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Where in Britain works best for IT?

Where is the best place to be an IT professional in the UK? Computer Weekly looks at which location comes out on top for tech companies, and it’s not Silicon Roundabout

A company tasked with helping businesses moving their technology forward is likely to have thought carefully about its own base. Steve O’Donnell, a non-executive director of KSBC, says the three-year-old company’s reasons for setting up near Isleworth station in Hounslow, west London are straightforward – if unglamorous.

“What we needed was a mixed-use industrial building,” says O’Donnell, with both offices and light industrial space for work on clients’ hardware and storage. “We also found that we could get gigabit Ethernet into our property.”

Technology-based companies need to be near their customers and other similar companies, both for partnering and to help find suitable staff. But many also want the extra space that becomes affordable outside city centres.

London boroughs on top

So it is no surprise the two London boroughs of Hounslow and Richmond upon Thames come out on top in the rankings of suitability for IT businesses compiled for this article.

The assessment, based on statistical areas used for economic research, considers established technology businesses, workforce education levels, house prices and broadband speeds.

O’Donnell, who is also the CIO for insurance and risk management firm Gallagher, says fast broadband connections can be hard to find in parts of central London with tight planning controls restricting the green street cabinets generally used for connectivity.

“Westminster wanting everything to look smart and sweet means that businesses in Westminster actually struggle to get connectivity,” he says.

There are plenty of other reasons for locating just east of Heathrow airport. One is access to the airport itself, but another is that well-educated people from all over the world live near it. “We’re very much an international business – I think in our firm we speak 23 languages,” says O’Donnell.

“Getting a highly diverse workforce who could communicate with a highly diverse customer base was really critical to us.”

Lower pay expectations

Other factors include lower pay expectations than central London; easy access to the capital; good rail links; and roads where it is possible to find a parking space.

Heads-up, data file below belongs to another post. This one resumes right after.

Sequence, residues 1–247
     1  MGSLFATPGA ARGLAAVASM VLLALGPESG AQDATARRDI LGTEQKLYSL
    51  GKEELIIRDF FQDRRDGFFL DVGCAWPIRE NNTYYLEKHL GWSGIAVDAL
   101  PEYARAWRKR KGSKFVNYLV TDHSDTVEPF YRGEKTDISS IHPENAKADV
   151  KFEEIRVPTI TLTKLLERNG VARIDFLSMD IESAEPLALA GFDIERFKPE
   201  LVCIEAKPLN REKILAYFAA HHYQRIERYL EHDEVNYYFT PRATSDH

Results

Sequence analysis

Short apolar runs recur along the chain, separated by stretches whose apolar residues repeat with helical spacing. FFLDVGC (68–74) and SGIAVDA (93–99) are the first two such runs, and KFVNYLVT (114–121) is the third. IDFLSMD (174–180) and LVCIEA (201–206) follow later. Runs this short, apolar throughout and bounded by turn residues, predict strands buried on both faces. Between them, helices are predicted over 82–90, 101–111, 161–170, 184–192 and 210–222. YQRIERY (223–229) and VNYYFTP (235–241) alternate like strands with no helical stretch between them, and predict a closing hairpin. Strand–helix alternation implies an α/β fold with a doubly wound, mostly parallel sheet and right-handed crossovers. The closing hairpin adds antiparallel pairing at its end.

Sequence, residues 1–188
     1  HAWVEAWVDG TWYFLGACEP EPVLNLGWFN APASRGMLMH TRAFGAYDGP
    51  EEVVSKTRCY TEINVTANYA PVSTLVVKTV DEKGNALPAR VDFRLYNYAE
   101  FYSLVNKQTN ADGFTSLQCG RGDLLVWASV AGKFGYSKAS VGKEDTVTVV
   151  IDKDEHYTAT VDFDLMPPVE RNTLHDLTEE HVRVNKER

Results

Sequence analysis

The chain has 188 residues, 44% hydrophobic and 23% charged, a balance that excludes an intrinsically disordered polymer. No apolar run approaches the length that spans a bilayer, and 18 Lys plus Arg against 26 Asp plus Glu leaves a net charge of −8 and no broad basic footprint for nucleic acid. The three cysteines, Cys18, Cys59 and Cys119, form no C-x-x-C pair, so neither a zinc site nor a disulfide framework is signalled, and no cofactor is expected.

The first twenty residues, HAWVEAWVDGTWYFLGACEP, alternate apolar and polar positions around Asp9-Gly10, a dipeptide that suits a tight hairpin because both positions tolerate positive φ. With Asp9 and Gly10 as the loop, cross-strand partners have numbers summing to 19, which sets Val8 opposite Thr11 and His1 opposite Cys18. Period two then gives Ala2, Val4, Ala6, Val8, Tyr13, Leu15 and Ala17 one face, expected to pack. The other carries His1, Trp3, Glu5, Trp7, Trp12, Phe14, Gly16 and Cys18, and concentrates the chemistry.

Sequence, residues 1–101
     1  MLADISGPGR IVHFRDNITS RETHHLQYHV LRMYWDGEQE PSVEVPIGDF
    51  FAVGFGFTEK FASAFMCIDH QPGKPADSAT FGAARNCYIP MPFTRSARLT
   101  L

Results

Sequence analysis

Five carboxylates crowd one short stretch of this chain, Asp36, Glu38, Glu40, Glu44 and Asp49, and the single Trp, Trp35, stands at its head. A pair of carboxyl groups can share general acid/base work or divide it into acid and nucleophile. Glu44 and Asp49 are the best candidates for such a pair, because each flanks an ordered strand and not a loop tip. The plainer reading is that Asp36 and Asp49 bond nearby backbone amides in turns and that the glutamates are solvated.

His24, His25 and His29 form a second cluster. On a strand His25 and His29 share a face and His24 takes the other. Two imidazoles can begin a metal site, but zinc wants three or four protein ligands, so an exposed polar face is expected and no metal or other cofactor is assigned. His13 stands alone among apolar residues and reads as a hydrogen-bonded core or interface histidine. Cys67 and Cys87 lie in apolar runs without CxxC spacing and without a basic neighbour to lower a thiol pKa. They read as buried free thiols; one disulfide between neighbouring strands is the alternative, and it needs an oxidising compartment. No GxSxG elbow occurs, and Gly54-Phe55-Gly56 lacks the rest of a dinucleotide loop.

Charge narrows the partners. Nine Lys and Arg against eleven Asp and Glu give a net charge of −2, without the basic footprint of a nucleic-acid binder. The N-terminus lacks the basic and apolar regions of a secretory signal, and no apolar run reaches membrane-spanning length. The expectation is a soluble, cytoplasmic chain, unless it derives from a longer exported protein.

Digital music library I Like Music was originally based in central London, but moved to a converted church hall in Richmond upon Thames, a mile or so south-east of Isleworth. The building allows it to store all the vinyl records and CDs it has digitised, but the location is also better for employees, according to managing director Buffie du Pon.

“Particularly for our data and technological staff, they are sitting at their computers day in, day out,” she says, meaning they can “walk out into a nice environment at lunchtime, go and get some fresh air.”

I Like Music’s office is near to Richmond’s train station, shops, pubs and restaurants, and a few hundred yards from the banks of the Thames, where one member of staff has lunch each day in the summer. The pleasant surroundings help attract people, but central London is easily accessible by train and Underground – important for regular meetings with clients including the BBC.

There is also a cluster effect, du Pon thinks, with eBay, Notonthehighstreet.com and PayPal all having large technology offices in Richmond.

“I feel quite confident that we, as a very small company in comparison to those, find ourselves in good company to attract the right staff,” she says, adding that Richmond’s wide range of coffee shops seem to be largely inhabited by people working on laptops. The Richmond upon Thames Chamber of Commerce has a focus on technology, with its awards including innovation, start-up and website categories and events held at PayPal’s offices.

Greater London contains five of the top 10 areas in the ranking, with Haringey and Islington in north London taking third place. Despite being marked down for high house prices, many of the capital’s areas score highly on the proportion of their workforces with post-school qualifications, properties with access to ultrafast broadband and concentration of information and communication-related businesses.

Berkshire is second best

Berkshire, made up of six council areas west of Heathrow, is second overall. The wider Thames Valley area, which includes Oxfordshire to the north, is often seen as the nearest thing the UK has to Silicon Valley, and the data shows that Berkshire has the highest proportion of economic output from information and communications businesses.

Houses in the area are generally cheaper than in London and there is good access to ultrafast broadband, although its workforce is less well-educated than the capital’s.

Berkshire’s predominance in IT was built on its motorway and rail links to Heathrow and London, says Robert Mansfield, chief technology officer (CTO) for communications technology supplier Redwood Technologies.

It’s been a popular location for companies such as Panasonic, 3M, Dell and Fujitsu to set up their UK and European headquarters, he says.

“You have a self-fulfilling environment where it’s attracting IT because the IT companies are here.” Employers can recruit from a large pool of experienced technology staff, while employees have a choice of places to develop their careers.